Whilerestrictions are lifting in some areas, the pandemic is ongoing. Many people are still working from home, and only seeing friends, family and co-workers through .
While there are many options to choose from, Skype and Zoom are two of the heavy hitters. Here's how the two video chat and conferencing apps compare -- especially in light of .
Microsoft's Skype is a telecommunications app that works for video chats, calls and instant messaging. The app is compatible with Android and iOS, Windows, iPadOS, web browser, Alexa and Xbox. Skype offers multiple subscription plans if you want to call someone's cellphone or landline; otherwise, it's free to use.
Skype can handle up to 50 people in a single video call, as well, which can come in handy for larger gatherings or business meetings (though Microsoft recommends using its Microsoft Teams video chat service for work purposes). The app allows for calls to be recorded in case someone misses a call. Captions and subtitles are also available for accessibility. Skype has file-sharing capabilities, caller ID, voicemail, a split view mode to keep conversations separate and screenshare on mobile.
After you create an account, you can start chatting. If you're putting together a call, simply open your profile and click New Chat. Choose New Group Chat, New Chat or New Private Conversation. Whichever option you pick, you'll need to type the group member's name into the search to find them or add them. When you open a chat with another user, you can keep it in instant messenger form with the ability to share files and more, start a video call or create a group.
You can schedule calls in the app and be alerted through mobile or desktop by turning on the schedule call notifications.
The Zoom video conference app works for Android, iOS, PC and Mac. The app offers a basic free plan that hosts up to 100 participants. There are also options for small and medium business teams ($15 to $20 a month per host) and large enterprises for $20 a month per host with a 50-host minimum. You can adjust meeting times and select multiple hosts. Up to 1,000 users can participate in a single Zoom video call, and 49 videos can appear on the screen at once.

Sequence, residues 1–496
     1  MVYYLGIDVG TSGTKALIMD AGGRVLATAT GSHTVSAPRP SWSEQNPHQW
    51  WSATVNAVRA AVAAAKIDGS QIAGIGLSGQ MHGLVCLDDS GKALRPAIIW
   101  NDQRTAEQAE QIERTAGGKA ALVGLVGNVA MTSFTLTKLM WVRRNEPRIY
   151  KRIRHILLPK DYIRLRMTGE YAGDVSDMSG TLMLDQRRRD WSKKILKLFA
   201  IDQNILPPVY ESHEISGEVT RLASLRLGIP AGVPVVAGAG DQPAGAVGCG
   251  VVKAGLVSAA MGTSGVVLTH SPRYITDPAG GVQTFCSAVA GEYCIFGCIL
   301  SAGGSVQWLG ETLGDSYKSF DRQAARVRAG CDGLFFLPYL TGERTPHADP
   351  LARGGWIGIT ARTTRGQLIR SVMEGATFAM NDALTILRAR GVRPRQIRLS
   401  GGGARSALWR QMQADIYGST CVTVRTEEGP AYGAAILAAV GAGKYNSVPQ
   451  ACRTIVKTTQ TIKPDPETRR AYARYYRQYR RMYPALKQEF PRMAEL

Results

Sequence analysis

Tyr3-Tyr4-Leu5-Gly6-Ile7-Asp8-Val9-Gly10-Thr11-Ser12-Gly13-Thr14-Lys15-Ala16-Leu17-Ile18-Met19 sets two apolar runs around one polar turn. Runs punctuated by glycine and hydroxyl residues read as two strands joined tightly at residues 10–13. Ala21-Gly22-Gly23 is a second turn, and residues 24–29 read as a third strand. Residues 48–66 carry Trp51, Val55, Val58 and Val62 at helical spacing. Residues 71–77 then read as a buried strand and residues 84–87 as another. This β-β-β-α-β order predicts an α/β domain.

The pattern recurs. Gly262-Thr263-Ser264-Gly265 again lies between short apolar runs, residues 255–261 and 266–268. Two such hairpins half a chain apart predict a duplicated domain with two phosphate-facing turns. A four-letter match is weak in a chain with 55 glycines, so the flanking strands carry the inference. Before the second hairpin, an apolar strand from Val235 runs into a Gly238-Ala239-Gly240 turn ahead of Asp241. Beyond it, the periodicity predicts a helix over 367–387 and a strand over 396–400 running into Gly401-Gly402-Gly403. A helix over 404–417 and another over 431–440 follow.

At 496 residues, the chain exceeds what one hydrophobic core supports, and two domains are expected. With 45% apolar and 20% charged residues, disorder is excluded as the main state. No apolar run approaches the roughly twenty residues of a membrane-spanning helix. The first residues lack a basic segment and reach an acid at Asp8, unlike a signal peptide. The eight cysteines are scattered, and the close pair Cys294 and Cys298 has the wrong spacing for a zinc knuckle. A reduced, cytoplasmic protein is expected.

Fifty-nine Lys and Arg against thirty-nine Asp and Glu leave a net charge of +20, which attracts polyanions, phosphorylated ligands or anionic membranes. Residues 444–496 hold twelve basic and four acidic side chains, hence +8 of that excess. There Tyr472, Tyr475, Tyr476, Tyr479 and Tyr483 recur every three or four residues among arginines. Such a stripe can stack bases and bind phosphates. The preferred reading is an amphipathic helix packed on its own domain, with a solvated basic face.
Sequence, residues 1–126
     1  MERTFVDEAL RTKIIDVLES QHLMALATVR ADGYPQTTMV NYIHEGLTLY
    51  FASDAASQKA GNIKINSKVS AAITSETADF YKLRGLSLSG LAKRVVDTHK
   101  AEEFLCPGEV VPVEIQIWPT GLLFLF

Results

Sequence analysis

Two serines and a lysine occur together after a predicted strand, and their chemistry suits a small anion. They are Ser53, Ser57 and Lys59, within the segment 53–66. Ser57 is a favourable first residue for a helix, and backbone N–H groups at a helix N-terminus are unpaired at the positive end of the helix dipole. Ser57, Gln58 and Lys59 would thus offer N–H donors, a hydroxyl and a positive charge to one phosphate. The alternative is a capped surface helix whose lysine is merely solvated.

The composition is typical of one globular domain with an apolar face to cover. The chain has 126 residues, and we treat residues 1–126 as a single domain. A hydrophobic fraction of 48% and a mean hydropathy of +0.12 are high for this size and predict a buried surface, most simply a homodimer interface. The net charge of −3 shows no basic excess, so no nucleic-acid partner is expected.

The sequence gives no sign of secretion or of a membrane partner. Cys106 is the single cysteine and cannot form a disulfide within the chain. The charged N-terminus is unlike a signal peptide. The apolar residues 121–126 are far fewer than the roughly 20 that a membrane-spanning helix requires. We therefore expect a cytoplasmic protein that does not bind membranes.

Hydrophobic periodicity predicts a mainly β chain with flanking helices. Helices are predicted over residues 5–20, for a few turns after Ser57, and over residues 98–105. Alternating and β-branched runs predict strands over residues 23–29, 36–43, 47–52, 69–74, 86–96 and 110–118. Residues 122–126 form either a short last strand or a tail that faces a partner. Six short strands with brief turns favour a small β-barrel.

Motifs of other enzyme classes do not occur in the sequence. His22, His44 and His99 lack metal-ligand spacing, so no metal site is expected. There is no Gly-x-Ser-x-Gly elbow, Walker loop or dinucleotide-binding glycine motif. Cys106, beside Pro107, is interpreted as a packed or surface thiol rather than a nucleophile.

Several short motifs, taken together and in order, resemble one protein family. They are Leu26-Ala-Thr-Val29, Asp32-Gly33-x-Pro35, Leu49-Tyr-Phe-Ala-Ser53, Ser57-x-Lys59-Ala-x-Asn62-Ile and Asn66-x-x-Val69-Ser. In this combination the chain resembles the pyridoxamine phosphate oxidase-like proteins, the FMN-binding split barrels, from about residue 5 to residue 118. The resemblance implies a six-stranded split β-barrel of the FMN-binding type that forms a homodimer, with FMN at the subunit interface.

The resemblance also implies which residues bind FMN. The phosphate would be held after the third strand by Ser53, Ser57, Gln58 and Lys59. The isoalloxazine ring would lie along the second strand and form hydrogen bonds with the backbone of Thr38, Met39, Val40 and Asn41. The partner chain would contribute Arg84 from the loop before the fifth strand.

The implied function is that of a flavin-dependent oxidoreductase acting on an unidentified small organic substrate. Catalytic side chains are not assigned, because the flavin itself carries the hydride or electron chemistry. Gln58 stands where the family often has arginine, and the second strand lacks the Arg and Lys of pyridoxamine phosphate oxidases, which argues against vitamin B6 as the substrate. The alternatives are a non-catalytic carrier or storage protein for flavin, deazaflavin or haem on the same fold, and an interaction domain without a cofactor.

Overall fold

The app has HD video and audio capabilities, collaboration tools like simultaneous screen-sharing and co-annotation, and the ability to record meetings and generate transcripts. Outlook, Gmail and iCal support scheduling and starting meetings. In Gmail, for example, just click the calendar icon, then click the time of your meeting, then click the link under Join Zoom Meeting. If the host scheduled it, there might also be call-in options.
If your mic and camera are off, Zoom has the option to communicate via chat (the interface looks a bit like Slack). This feature can also be helpful if it's a massive all-hands meeting and the opportunity for questions is available.
It's free to sign up with Zoom -- you can either manually create an account with an email or sign in with Google or Facebook.
If you use Zoom, it's important to take into consideration the security issues that have come to light since its rapid rise in popularity during the coronavirus pandemic. Privacy experts have expressed concerns over the video-conferencing software's privacy risks and hacking vulnerabilities, as well as Zoombombing (where uninvited attendees break into and disrupt meetings).
However, if you're still using the platform, there are some steps you can take to protect your meetings, like using a per-meeting ID and enabling the "Waiting Room" feature so you can see who is attempting to join a meeting before allowing access.